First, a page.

Bushwick Pastor Partners With High-Tech Megachurch to Draw New Residents

By Meredith Hoffman on July 29, 2013 8:21am 

BUSHWICK — Historic chapels and storefront congregations may mark most corners of his lifelong neighborhood, but Daniel Torres feels "the burden" to fill a spiritual hole in Bushwick. So he's starting a church with video sermons, DJ's, hip-hop and local artists.

"A lot of churches here have become stale, stagnant and not growing," said Torres, 27, who grew up attending a Spanish language evangelical church with his family from Puerto Rico. "You have a lot of second and third-generation Hispanics who want an English-speaking church. And Bushwick has gotten to be a very artsy place."

But Torres' worship center — opening this spring and named Swerve Church since "swerve" means "an abrupt change in direction" — will "rock out with hip hop and rock" at Sunday services, to reach Bushwick's new "diversity," Torres said.

And Torres' evangelical center will be the only New York City congregation to feature virtual sermons from the Oklahoma megachurch "LifeChurch," whose famous pastor Craig Groeschel already broadcasts his talks at the church's 16 other network churches around the nation each weekend.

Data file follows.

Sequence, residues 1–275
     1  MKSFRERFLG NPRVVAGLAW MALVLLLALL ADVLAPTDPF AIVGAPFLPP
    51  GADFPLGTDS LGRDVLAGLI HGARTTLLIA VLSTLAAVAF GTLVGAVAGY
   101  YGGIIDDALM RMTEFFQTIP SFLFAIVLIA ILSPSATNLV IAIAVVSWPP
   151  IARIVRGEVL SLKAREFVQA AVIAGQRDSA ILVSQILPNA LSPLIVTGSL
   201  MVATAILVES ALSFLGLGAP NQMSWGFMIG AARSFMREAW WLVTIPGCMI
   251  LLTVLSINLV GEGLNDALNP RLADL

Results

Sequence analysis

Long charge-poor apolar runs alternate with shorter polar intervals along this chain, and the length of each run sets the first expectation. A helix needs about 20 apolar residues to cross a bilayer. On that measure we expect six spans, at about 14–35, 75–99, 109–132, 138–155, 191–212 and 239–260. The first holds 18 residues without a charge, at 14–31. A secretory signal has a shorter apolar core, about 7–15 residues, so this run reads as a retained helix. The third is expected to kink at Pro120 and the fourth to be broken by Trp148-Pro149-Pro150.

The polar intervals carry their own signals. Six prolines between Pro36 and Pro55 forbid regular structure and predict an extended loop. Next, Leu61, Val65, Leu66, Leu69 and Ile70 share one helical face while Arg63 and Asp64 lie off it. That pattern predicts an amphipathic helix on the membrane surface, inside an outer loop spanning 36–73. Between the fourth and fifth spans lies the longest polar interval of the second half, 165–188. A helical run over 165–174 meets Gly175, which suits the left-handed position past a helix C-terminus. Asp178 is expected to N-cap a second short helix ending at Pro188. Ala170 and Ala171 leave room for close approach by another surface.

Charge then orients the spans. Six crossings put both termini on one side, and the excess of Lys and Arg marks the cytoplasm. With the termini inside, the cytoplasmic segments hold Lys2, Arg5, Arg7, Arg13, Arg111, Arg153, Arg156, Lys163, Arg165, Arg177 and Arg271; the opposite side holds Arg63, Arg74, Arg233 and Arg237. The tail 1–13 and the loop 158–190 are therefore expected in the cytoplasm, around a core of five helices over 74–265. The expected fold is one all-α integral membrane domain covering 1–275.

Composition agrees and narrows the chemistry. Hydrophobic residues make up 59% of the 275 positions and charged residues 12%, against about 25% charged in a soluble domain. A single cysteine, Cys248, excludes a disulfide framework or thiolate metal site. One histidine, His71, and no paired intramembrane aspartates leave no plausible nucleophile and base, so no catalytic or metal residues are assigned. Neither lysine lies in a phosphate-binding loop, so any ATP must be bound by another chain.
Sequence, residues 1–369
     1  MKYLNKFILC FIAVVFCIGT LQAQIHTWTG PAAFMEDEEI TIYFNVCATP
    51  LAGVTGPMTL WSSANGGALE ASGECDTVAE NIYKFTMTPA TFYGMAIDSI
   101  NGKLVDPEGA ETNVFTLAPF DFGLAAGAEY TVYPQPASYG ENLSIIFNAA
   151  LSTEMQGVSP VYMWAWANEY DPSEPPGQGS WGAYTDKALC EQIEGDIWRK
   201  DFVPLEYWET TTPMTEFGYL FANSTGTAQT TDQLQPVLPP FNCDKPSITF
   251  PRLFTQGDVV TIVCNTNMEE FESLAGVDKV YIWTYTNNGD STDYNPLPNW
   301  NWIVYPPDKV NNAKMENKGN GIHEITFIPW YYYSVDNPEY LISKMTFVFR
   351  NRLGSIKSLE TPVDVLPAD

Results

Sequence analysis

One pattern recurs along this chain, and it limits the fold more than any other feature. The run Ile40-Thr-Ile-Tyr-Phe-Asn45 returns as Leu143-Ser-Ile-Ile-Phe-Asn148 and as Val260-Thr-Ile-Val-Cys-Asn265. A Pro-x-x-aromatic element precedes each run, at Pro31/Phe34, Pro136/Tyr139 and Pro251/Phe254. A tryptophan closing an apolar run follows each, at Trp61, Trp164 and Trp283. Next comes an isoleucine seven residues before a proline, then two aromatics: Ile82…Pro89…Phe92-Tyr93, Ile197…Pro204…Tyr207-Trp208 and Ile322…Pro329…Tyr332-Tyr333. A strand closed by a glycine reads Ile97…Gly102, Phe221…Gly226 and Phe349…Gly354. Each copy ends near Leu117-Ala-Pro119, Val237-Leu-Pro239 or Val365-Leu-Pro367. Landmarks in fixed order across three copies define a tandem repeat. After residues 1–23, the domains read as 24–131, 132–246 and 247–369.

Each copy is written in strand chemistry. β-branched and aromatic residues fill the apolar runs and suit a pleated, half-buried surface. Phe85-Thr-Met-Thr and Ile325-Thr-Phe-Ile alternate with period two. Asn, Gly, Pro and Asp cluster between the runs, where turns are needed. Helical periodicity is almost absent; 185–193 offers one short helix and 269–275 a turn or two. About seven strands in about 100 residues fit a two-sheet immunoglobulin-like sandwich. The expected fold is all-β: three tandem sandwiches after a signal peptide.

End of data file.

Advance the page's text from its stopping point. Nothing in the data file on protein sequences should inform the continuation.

"He's a down to earth, very funny guy," said Torres, 27, who notes on his blog that Groeschel's summer series "At the Movies" features "some of Hollywood's greatest hits and brings out Biblical principles."

"Everyone loves a good movie, but not everyone likes church," Torres writes. "LifeChurch has found a great way to get church and non-church goers alike to attend during the hot summer months!"

But while Torres plans to use LifeChurch's videos and other high-tech resources, the father of three emphasized his congregation's independence and its aspiration to become an integral part of the Bushwick community.

Apart from Sunday services, he said Swerve would offer weekly small group meetings to discuss "fears, doubts, and just do life." And he noted that the church would provide important community service in the neighborhood stricken with high poverty rates.

"I don't see the new crowd step into church.  I think if they hear of what we're doing, of the heart of Swerve Church, they'll at least give it a chance," said Torres. "Church is supposed to be fun...People are missing out."

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